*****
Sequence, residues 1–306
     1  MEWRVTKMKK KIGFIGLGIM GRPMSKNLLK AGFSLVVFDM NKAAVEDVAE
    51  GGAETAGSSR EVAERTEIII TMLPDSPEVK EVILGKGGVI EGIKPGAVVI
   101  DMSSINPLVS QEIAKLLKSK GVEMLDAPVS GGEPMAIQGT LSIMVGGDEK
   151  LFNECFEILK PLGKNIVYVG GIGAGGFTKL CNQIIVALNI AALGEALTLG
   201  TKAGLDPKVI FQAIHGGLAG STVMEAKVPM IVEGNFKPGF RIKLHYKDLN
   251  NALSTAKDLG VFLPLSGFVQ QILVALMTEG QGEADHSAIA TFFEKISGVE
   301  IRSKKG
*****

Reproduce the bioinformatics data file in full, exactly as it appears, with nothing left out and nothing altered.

Sequence, residues 1–306
     1  MEWRVTKMKK KIGFIGLGIM GRPMSKNLLK AGFSLVVFDM NKAAVEDVAE
    51  GGAETAGSSR EVAERTEIII TMLPDSPEVK EVILGKGGVI EGIKPGAVVI
   101  DMSSINPLVS QEIAKLLKSK GVEMLDAPVS GGEPMAIQGT LSIMVGGDEK
   151  LFNECFEILK PLGKNIVYVG GIGAGGFTKL CNQIIVALNI AALGEALTLG
   201  TKAGLDPKVI FQAIHGGLAG STVMEAKVPM IVEGNFKPGF RIKLHYKDLN
   251  NALSTAKDLG VFLPLSGFVQ QILVALMTEG QGEADHSAIA TFFEKISGVE
   301  IRSKKG